• A gimbal (stabilizer). This hand-held contraption will help make smartphone videos much smoother and less jerky by stabilizing your phone as you walk and film. They require a small investment (good models typically start at $100) but are worth the money.
  • Good lighting. It’s hard to rescue a video shot in a dark setting. Aim to shoot real estate listing videos on bright days where you can maximize natural light. You can play around with light fixtures, too, to help create the best lighting
  • A video editing app. After a camera, a good video editing app is the next most important thing. We recommend InShot for editing videos from your mobile device. It’s packed with all the features you could possibly need and it’s very user-friendly to use. With some practice, you can turn your footage into professional-looking real estate listing videos with ease.

DON’T Narrate

Prospective buyers don’t need to hear you describe each and every feature (though if you’d like to create a video that’s accessible to those with vision loss, then description is a great idea). It’s distracting and detracts from the video.

Instead, let the video footage speak for itself, or add short on-screen descriptions during the editing process.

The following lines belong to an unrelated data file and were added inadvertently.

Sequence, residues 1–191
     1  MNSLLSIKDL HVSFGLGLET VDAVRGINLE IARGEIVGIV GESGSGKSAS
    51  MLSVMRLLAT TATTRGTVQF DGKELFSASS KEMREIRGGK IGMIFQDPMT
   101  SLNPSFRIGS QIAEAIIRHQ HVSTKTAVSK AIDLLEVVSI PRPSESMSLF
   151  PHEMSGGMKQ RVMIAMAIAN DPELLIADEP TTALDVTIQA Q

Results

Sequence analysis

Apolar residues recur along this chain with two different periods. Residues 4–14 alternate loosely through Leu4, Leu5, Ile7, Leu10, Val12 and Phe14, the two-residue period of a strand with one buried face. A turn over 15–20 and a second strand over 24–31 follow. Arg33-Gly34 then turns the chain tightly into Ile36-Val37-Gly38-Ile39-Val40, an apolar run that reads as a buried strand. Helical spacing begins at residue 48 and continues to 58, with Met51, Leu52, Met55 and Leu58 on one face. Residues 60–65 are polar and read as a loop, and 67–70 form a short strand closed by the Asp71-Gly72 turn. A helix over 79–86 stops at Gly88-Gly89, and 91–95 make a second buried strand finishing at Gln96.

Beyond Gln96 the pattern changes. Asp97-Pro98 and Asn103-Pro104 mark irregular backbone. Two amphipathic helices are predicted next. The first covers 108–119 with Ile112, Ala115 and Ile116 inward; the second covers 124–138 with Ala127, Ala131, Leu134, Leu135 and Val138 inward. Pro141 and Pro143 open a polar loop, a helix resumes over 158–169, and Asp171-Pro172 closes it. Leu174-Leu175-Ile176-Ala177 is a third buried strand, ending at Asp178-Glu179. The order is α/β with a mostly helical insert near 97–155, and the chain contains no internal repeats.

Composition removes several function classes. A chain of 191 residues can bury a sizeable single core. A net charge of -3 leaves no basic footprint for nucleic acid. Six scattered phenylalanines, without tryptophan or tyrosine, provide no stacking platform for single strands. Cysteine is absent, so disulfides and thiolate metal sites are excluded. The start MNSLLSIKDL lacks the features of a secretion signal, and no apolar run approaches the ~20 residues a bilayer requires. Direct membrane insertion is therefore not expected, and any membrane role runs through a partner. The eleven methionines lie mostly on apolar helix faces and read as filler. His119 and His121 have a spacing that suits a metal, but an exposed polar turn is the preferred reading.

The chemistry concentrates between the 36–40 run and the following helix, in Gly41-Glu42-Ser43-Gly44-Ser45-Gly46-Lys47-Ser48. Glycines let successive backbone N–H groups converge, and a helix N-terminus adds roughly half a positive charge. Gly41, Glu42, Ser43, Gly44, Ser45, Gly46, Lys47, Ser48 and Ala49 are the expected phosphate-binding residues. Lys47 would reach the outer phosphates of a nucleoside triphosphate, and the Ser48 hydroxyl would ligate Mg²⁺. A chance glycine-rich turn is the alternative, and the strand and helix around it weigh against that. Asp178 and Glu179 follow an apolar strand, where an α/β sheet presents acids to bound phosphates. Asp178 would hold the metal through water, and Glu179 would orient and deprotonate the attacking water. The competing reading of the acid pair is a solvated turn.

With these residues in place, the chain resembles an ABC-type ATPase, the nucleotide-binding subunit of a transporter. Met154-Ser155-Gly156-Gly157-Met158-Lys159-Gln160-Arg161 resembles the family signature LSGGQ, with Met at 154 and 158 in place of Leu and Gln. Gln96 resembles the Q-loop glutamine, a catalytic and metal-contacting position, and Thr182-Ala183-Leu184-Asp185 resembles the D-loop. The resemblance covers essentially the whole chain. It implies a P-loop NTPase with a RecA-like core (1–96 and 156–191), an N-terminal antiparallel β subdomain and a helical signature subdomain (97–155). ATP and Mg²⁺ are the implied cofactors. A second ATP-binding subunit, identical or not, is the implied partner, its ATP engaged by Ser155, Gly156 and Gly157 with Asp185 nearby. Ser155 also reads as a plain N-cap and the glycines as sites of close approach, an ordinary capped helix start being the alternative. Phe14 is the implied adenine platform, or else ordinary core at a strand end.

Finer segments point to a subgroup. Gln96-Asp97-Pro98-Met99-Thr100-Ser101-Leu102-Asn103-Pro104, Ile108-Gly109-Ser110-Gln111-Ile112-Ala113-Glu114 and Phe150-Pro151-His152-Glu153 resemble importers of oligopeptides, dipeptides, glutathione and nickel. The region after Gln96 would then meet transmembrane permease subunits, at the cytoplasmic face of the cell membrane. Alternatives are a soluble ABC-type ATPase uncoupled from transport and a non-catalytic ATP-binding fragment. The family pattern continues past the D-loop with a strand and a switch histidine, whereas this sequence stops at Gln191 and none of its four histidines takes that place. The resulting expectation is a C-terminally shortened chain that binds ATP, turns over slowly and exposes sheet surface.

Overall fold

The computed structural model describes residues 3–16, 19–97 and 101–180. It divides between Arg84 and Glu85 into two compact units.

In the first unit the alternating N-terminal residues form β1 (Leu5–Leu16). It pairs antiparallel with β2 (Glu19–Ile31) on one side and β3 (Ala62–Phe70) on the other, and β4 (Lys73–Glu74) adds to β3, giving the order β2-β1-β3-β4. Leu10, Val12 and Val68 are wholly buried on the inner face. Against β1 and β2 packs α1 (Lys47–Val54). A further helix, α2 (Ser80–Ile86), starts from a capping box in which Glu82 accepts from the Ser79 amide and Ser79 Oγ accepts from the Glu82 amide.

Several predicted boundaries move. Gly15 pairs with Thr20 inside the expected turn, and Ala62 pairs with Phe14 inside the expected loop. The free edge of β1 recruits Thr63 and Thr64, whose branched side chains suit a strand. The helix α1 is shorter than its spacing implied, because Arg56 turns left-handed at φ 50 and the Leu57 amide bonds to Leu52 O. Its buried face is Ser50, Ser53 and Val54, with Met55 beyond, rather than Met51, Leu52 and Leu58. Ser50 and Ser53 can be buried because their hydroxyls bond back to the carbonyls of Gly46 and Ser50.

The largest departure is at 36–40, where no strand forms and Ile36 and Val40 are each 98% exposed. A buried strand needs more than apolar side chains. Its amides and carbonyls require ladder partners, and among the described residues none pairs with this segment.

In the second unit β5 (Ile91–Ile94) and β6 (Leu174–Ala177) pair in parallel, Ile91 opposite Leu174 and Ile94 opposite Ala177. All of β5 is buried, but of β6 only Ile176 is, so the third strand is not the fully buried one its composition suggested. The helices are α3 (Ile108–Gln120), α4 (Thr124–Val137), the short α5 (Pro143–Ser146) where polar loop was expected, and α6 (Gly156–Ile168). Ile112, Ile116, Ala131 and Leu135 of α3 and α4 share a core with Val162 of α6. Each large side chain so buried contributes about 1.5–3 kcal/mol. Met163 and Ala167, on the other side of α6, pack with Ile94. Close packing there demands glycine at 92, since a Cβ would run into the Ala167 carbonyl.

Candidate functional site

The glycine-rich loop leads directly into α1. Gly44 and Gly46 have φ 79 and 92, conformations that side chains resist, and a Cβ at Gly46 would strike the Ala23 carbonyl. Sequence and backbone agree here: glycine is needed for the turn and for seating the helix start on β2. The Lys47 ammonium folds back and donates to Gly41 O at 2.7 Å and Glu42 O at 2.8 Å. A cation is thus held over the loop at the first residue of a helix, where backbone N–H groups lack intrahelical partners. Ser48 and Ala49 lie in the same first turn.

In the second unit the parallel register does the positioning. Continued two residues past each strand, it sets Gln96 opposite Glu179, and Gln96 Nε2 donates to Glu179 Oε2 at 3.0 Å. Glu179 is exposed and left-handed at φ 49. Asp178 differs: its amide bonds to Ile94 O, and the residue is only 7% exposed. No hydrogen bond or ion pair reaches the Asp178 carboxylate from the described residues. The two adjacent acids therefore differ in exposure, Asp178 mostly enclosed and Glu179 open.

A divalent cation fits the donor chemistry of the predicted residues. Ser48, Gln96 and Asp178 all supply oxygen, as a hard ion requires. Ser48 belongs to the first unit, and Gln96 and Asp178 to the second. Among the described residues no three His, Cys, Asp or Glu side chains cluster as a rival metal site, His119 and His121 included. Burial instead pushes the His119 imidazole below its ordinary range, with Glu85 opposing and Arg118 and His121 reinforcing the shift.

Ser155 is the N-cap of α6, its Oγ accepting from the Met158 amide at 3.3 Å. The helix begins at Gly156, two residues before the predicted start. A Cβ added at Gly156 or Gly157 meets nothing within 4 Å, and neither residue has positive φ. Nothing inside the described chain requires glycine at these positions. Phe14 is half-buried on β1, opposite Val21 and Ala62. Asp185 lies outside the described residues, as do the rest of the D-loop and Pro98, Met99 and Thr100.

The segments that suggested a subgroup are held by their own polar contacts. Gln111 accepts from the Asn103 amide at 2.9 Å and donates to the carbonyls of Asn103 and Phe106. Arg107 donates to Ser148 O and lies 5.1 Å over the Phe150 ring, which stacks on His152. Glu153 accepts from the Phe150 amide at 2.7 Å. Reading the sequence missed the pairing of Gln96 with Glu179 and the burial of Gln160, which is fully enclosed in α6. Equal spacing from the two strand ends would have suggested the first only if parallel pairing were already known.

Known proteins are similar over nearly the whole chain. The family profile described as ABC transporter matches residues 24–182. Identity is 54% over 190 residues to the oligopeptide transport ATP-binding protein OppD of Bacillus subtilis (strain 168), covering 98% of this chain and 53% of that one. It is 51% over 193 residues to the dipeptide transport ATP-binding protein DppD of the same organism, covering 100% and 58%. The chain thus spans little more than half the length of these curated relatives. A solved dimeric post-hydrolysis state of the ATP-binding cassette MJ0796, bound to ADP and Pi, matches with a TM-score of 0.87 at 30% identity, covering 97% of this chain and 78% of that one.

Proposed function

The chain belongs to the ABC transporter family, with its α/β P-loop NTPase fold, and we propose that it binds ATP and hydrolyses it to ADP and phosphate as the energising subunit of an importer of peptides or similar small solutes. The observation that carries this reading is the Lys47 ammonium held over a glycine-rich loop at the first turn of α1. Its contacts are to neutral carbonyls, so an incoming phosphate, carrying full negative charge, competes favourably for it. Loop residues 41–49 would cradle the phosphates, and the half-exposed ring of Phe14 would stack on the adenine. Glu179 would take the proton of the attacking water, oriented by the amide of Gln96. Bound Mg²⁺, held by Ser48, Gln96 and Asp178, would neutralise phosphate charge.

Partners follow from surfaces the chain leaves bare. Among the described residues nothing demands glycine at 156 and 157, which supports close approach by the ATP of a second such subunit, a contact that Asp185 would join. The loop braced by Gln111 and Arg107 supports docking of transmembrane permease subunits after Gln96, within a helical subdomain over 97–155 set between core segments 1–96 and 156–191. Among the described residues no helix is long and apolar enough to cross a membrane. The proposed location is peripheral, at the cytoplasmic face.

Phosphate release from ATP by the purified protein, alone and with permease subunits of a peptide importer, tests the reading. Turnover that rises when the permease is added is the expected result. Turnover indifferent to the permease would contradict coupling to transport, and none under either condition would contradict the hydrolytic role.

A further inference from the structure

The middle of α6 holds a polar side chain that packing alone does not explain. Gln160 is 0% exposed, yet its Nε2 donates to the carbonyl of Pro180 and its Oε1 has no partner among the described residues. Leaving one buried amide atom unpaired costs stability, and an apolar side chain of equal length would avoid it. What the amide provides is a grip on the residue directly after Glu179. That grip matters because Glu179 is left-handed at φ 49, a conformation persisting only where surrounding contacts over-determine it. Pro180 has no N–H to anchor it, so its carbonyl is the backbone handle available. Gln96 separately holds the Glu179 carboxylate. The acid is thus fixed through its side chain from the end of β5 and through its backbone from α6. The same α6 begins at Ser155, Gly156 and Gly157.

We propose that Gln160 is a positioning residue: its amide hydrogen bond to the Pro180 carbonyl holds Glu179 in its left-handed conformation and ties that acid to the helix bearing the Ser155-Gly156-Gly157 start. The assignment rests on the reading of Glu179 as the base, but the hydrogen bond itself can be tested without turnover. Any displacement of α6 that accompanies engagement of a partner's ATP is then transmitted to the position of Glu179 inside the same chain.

DO Add Music (But Be Choosy)

Your video is definitely going to need some background music to keep it engaging. But the wrong music can have the opposite effect.

The best music for real estate listing videos is music that’s forgettable. It sounds counterintuitive and pointless, but it’s true.

Whether you source a music track from your video editing app (most offer music libraries) or purchase a track from a site like Audio Jungle, look for something that is upbeat but basic — not too fast, not too slow, no crescendos, and no vocals.

Oh, and remember: you must have the rights to use the music. 

DON’T Go Crazy With Effects

No fades. No swipes. No confetti, fireworks, stars, underlining or exclamation marks.

The only effects you should use in your real estate listing videos are on-screen text and footage editing features that improve the video’s quality (such as boosting the brightness or deepening the contrast).

DO Keep It Brief

Your real estate listing video should be a minute long at most.

Sounds short? 

It is. But it’s enough time to give prospective buyers a sense of the house while making sure they don’t lose interest. (It also happens to be the maximum length for videos shared directly to your Instagram grid!)

DON’T forget a Call-to-Action

Last but certainly not least, don’t forget to include a call-to-action with your real estate listing video. You want to nudge viewers to take a further step. 

A call-to-action could be on-screen text at the end of the video that tells viewers where to find more information (e.g., “Interested? Learn more at janesmithrealestate.com”). 

Or if you’re sharing the video on Instagram, it could be something you include in the caption or via on-screen text (e.g., “Want to see this stunner in person? DM me!”).

Do you create real estate listing videos for every listing?